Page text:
What is the difference between Couverture Chocolate and Compound?

If you love to eat and bake with chocolate then you need to understand the difference between Couverture chocolate and Compound. This article will tell you all you need to know.

At the most simple level, Couverture is real chocolate with a high percentage of cocoa butter, while Compound is a chocolate-like product, often brightly coloured, made with vegetable fats instead of cocoa butter. 

Couverture is high-quality chocolate used by fine chocolatiers and pastry chefs because of its superior taste, texture, and appearance. Compound is candy coating ("candy melts") used in the commercial bakery and confectionery industries, as well as home chefs, as a coating for candies, cookies, fruits, and other items. It can be chocolate-flavoured and coloured brown to look like chocolate or it can be brightly coloured for visual impact.

Here are four more ways Couverture and Compound are different:


Couverture chocolate has a high percentage of cocoa butter (usually around 30-40%). It contains cocoa solids, cocoa butter, and sugar but its defining characteristic is the higher ratio of cocoa butter. This high cocoa butter content gives couverture a smooth and creamy texture, enhancing the overall mouthfeel of the finished product. Learn more about Couverture in our blog What is Couverture Chocolate?

Compound is made with vegetable fats (such as palm kernel oil or hydrogenated oils) instead of cocoa butter. It typically contains cocoa powder or chocolate flavouring, vegetable fats, sugar, and other ingredients like emulsifiers. Compound is not legally allowed to be labelled as "chocolate" on packaging, but instead is called "cocoa-flavoured candy" ,"candy", chocolatey", or "coating".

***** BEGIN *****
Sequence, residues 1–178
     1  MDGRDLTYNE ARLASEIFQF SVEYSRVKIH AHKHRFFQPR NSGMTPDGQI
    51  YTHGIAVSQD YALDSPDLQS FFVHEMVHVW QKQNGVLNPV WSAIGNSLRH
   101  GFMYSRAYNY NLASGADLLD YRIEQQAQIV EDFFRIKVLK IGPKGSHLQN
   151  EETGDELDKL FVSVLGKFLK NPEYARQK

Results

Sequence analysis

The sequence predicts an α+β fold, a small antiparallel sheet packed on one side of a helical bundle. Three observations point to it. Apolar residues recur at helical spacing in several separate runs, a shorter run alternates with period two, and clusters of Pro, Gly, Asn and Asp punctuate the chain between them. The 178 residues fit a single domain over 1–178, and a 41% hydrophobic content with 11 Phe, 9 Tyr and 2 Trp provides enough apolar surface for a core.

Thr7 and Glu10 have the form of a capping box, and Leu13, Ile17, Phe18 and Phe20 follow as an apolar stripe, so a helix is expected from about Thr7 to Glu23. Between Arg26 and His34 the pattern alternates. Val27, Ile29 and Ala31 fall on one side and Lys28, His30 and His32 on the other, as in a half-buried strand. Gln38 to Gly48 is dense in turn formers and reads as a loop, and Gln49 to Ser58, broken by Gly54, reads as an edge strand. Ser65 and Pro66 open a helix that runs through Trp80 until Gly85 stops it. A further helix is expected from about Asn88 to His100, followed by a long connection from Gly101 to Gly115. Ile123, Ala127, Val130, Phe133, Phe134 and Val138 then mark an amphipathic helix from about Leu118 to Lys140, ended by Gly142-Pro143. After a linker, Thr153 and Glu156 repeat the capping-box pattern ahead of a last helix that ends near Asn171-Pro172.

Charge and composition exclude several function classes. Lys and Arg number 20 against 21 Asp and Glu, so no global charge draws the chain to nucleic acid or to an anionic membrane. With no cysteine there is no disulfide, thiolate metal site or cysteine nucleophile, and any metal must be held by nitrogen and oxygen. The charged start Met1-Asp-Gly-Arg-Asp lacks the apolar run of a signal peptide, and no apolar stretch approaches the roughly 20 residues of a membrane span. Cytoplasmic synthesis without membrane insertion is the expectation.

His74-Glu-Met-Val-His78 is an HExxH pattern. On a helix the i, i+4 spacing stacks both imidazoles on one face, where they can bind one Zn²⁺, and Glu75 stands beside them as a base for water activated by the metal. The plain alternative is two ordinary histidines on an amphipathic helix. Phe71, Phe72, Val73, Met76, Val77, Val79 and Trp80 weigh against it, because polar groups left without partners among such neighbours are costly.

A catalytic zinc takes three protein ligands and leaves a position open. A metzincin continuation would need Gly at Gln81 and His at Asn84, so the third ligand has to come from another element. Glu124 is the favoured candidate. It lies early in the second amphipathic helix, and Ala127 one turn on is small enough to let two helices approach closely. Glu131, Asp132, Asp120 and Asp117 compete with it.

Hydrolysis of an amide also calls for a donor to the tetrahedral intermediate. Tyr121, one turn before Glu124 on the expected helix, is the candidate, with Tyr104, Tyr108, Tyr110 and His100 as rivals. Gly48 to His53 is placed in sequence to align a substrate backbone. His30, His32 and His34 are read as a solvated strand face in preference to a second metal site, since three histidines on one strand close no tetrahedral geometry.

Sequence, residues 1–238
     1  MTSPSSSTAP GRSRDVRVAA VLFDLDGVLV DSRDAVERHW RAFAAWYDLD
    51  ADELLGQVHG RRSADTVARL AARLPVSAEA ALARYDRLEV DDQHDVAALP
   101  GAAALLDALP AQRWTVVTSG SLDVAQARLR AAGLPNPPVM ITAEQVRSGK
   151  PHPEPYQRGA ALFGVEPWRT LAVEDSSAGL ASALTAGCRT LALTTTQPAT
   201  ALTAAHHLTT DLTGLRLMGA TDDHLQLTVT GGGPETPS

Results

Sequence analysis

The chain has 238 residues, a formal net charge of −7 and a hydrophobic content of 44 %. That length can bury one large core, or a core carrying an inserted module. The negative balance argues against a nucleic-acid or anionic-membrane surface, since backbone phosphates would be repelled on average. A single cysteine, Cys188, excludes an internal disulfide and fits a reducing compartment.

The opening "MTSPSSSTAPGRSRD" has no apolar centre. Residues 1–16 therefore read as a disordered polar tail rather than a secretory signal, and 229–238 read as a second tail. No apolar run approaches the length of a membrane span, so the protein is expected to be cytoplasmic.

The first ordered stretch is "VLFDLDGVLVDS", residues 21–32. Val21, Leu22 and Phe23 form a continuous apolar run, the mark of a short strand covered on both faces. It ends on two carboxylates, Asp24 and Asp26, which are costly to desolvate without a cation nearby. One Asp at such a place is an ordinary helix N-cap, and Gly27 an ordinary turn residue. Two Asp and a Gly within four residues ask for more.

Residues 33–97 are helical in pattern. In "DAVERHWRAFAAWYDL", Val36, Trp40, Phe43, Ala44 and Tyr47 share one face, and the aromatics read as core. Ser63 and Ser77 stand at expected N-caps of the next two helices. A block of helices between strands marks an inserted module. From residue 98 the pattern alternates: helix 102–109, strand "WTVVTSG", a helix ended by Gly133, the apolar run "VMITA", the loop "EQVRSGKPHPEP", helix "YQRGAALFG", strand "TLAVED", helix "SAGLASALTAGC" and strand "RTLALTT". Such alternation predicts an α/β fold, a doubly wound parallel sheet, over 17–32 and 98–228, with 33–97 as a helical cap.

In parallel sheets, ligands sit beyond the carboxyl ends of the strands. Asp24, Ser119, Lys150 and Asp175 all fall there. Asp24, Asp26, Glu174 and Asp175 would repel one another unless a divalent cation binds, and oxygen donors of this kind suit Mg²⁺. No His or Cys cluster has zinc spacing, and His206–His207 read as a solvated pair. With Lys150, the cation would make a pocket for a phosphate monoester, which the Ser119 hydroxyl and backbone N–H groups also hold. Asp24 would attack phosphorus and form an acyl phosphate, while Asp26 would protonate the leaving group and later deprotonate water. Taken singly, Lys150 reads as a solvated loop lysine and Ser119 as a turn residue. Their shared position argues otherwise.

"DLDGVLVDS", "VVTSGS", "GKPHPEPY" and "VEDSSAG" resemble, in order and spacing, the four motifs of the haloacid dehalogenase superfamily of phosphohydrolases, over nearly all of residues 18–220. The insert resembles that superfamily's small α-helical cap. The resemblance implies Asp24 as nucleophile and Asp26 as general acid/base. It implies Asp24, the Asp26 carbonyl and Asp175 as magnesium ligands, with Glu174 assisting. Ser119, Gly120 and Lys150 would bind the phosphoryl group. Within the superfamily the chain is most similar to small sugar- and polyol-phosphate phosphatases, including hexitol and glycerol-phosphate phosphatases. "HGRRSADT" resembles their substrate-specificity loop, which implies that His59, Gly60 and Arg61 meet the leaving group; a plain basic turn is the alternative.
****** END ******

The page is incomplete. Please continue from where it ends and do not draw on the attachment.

Fat Content

For something to be legally called "chocolate", the only fat in the ingredients can be cocoa butter. Couverture chocolate contains extra cocoa butter, which gives it a smoother texture, a glossy appearance when tempered, and better melting properties than regular chocolate. Couverture's high cocoa butter content contributes to a more luxurious and rich flavour and a smooth mouth-feel. Cocoa butter is the most expensive ingredient in couverture, which is why couverture costs more. Read our article "The Marvels of Cocoa Butter" for more facts about cocoa butter.

Compound uses cheaper fats like vegetable, coconut, or palm oils. As a result, it is much less expensive than couverture, it has a different texture, often slightly waxy or greasy, and a less pronounced chocolate flavour compared to couverture chocolate. You can feel the waxy finish in your mouth when you eat Compound. You can't miss it.


Couverture chocolate is favoured by professional chocolatiers and pastry chefs due to its superior quality and versatility. It is commonly used for molding, dipping, enrobing, and creating fine chocolate confections. Couverture's high cocoa butter content allows it to set with a shiny finish and a satisfying snap, but only if it's tempered. 

Compound is often used in mass-produced chocolate products or for applications where cost, stability, and ease of use are prioritized over premium chocolate characteristics. It can be found in chocolate coatings, inexpensive baking chips, and some chocolate-flavoured confectionery.


Because it contains extra cocoa butter, Couverture requires tempering to achieve the desired firm texture and glossy appearance. Tempering involves carefully melting and cooling the chocolate to stabilize the cocoa butter crystals, resulting in a glossy finish and a firm snap. Read all about tempering in our article Why Does Chocolate Need To Be Tempered?

Compound does not require tempering since it uses vegetable fats that have different melting properties. It can be melted and used directly in molding and dipping without the need for precise tempering techniques. Once melted, it will set up and harden quickly.

Cococo's Choice

Because we are fine cocoa confectioners, Cococo only uses the best quality couverture chocolate made from sustainably sourced Rainforest Alliance Certified™ cocoa butter and cocoa. Read more about our chocolate in the article What Makes Cococo Chocolate So Special?